Our World

Villa Kérylos

Travel & Experiences

Travelling has always been an important part of my life, and to me, it is one of the best ways to broaden my horizons, learn about other cultures and develop my creativity. I first found out about Villa Kérylos scrolling through Pinterest. I remember seeing an image of this intricate glass and metal door, clicking on it, and realizing it was located on the French Riviera, just a few hours’ drive from where I grew up. I thought to myself, I should definitely go for a visit the next time I’m in the South of France.
The villa was built atop the rocky peninsula of the Baie des Fourmis, in the city of Beaulieu-sur-Mer, located between Eze Cliffs and the Mediterranean Sea.

Kérylos means Sea Swallow in Greek and in the mythology, it is a bird that announces a good omen. The villa was commissioned by archeologist and Hellenistic specialist, Theodore Reinach. With the help of French architect Emmanuel Pontremoli, they created their own interpretation of an ancient Greek Villa from Delos Island. The house is now the only existing reconstruction of that type of Greek house typical of the 2nd century, BC.

Built between 1902 and 1908, the challenge for both Reinach and Pontremoli was to design with ancient Greek inspirations but also to integrate all the modern amenities of a Belle Epoque villa.

The villa is surrounded by its own private Mediterranean garden. Olive trees, vines and cypresses are just some of the vegetation you can expect to see while taking a walk. The side of the garden leads you to the back with its panoramic view over Saint-Jean-Cap-Ferrat Peninsula.

From the first step inside the house, I really felt I had been transported to Greece and it was like time stopped for the few hours I was there. Directly to the left of the entrance was a small but incredible room covered in marble and mosaic. Balaneion, or the Bathing Room, was once used as a social ritual in ancient Greece, water being a symbol of purification. The room had an octagonal pool surrounded by four marble columns. Looking to the back of the room, you can see an arched alcove covered in mosaic and a marble font placed in the centre.

The next room, Proauleion, with its imposing Solon statue, led me to the Peristyle which is a squared inner courtyard surrounded by tall Carrara marble columns and painted frescoes on the walls. The frescoes represent scenes of Greek gods with a colour palette of ochre, amber, beige, and deep red. Walking around the open-air courtyard, I saw two niches on the walls painted in a burgundy colour, one with Homer’s bust and the other one of Hippocrates – they were perfectly placed termination points.

The Library had a double height ceiling which really gave a sense of greatness and openness to the room. The beautiful integrated wooden bookcases with marquetry doors not only house collections of books but also authentic objects such as vessels, amphoras, and roman glass objects. I visited when the villa was hosting an art exhibition by French artist and designer Hubert Le Gall. His work, which includes sculptures and furniture pieces, were specifically designed for each room. My favourite pieces of his exhibition were in this room - two tall mobile sculptures facing each other called l’Iliade and l’Odysée. The two bronze casted pieces were defined by the artist as a representation for space and time, one illustrating the warrior side of Greece and the other evoking the movement of the sea and travel.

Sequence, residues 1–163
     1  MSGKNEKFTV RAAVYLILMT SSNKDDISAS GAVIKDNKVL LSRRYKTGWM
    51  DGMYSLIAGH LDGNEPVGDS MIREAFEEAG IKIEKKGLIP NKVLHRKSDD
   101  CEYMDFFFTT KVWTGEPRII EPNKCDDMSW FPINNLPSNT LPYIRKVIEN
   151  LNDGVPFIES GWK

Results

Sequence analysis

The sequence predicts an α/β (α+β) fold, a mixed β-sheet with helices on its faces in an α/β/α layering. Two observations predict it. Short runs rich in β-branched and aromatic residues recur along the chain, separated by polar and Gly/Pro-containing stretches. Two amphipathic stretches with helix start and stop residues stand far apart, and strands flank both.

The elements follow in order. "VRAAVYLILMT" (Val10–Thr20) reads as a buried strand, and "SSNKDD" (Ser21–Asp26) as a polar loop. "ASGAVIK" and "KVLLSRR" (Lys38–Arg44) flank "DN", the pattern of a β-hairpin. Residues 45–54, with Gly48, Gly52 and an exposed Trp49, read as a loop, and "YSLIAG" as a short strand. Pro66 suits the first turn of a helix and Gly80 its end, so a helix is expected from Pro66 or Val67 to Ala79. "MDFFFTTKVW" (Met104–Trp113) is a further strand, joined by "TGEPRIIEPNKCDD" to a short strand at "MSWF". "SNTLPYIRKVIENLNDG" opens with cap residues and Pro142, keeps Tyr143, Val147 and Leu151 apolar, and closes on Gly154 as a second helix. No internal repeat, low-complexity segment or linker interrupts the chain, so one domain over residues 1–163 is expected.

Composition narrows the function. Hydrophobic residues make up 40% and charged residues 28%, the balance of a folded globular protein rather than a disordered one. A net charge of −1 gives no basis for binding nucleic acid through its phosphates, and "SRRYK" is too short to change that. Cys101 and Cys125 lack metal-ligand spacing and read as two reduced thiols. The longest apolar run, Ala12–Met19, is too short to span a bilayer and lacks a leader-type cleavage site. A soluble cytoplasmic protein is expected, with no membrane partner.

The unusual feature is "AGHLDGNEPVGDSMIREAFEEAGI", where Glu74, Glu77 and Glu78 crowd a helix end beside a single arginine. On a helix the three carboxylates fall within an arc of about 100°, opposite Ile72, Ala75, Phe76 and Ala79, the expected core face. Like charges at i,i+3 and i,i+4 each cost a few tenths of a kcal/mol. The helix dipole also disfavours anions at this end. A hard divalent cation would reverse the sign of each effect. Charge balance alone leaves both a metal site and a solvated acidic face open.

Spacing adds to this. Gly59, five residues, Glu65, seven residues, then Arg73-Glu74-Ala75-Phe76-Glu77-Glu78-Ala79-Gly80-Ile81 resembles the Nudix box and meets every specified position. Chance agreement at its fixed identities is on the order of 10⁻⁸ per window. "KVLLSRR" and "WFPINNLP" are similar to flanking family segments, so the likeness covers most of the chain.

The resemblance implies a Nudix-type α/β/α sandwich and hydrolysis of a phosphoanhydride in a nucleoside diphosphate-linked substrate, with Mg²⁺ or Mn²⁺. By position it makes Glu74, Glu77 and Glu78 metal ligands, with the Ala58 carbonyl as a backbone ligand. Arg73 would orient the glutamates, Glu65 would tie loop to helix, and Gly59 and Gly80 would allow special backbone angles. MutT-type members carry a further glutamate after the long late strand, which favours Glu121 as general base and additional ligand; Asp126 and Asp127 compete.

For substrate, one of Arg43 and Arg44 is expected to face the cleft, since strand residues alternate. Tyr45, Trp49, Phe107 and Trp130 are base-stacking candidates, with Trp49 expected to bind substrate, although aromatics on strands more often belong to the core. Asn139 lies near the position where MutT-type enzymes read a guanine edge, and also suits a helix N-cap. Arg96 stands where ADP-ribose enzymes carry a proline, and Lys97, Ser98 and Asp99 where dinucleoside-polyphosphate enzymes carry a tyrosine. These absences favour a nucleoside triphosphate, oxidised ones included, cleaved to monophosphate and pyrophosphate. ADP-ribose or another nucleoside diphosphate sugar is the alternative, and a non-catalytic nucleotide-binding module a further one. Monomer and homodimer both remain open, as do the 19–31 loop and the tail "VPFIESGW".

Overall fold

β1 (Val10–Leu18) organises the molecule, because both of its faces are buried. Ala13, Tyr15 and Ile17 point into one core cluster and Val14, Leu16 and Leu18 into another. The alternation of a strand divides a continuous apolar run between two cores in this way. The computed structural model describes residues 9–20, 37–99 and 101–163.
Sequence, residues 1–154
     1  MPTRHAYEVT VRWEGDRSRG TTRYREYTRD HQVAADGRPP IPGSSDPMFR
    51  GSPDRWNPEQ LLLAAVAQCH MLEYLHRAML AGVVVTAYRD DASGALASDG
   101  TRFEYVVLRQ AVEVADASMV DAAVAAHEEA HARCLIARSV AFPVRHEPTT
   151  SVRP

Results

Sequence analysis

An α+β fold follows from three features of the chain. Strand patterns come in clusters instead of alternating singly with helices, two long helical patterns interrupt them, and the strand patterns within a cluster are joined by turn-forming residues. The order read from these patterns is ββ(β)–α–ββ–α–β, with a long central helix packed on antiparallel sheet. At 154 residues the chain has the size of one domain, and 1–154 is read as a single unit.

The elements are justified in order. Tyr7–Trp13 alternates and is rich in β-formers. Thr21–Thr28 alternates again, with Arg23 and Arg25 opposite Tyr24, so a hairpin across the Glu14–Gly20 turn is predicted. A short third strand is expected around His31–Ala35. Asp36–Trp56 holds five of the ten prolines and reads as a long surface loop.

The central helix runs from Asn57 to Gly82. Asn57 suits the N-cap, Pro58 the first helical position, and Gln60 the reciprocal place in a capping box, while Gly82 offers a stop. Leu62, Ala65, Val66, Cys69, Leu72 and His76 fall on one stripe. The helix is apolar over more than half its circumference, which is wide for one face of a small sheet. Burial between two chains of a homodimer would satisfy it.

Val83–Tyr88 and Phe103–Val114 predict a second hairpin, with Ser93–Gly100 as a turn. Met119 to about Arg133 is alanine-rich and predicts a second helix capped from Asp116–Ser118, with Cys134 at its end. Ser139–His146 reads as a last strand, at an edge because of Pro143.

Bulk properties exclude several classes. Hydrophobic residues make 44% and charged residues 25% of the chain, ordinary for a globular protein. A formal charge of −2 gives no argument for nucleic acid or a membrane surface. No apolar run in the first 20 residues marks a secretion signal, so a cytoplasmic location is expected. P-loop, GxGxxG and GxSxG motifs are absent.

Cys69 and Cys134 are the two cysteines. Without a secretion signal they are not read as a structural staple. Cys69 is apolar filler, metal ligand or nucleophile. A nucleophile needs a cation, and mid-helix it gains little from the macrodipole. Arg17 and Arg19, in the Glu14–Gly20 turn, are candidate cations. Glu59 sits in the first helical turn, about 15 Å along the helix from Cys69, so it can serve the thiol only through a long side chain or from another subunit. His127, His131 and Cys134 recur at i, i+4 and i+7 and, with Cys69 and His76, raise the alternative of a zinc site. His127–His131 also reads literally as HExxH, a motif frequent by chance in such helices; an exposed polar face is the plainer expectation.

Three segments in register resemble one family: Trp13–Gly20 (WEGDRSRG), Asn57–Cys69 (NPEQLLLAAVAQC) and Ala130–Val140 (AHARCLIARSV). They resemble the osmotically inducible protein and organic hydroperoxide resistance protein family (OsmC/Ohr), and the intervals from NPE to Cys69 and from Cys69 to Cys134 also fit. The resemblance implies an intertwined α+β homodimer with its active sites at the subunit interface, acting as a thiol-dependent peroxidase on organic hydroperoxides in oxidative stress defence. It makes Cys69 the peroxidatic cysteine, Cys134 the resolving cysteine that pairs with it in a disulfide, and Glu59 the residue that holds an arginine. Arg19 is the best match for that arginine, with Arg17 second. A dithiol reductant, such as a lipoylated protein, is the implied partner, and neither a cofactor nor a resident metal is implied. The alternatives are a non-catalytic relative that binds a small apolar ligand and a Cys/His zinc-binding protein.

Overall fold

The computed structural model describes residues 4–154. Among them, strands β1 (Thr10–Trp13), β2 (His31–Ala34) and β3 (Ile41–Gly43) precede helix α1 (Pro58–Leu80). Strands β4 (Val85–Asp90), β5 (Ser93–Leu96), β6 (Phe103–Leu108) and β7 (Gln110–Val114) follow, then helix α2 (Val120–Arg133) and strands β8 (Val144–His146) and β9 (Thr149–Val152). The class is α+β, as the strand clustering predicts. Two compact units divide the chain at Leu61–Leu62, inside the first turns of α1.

In my opinion, the most impressive room was the Andron or the Living Room. All the walls were covered in Seravezza marble with some inserts of yellow Sienna marble. The marble slabs were cut in pieces, creating a framing effect on the walls. The floor featured a central mosaic representing the fight between Theseus and the Minotaur. All the mosaic in the house was installed by Venetian craftsmen. Looking up, you can admire the incredibly detailed, hand painted and gold leafed wood beamed ceiling.

Right next to the Andron is the Family Room or Oikos. This room was dedicated to Dionysos, the Olympian god of wine and festivity. All the walls were finished in stucco, and you can find an impressive bas-relief at the top, representing scenes of Dionysos’ myths. Narrow shelves were installed on all walls and displayed Greek artifacts. This room had tall, double French doors with a stunning view of the Mediterranean Sea.

Upstairs were the Bedrooms and Bathrooms of the villa. One room that really stood out to me was also one of the smallest rooms of the house. Madame Reinach’s private bathroom was composed of two rooms, one with the bathtub and another one for the shower. The shower was really narrow, with full height marble walls and an open-air ceiling. The back of the room had a curved alcove covered in mosaic, with a faucet system allowing for three types of jets. His and Hers Bathrooms both had their own marble bathtub which was carved out of one marble block.

The villa is filled with layers of luxurious materials and textures. The craftsmanship is remarkable - every room was designed with the highest quality of finishes. All the furniture pieces were commissioned by Reinach specially for this villa and were made by Bettenfeld cabinetmakers using precious wood species, which were sometimes combined with other materials such as bronze or marble. The feel of authenticity also transpires with all the little details such as the hand-embroidered upholstery pieces and draperies all over the house.

After Theodore Reinach’s death, the villa was given to the Institution de France and became listed as a historical monument in 1967.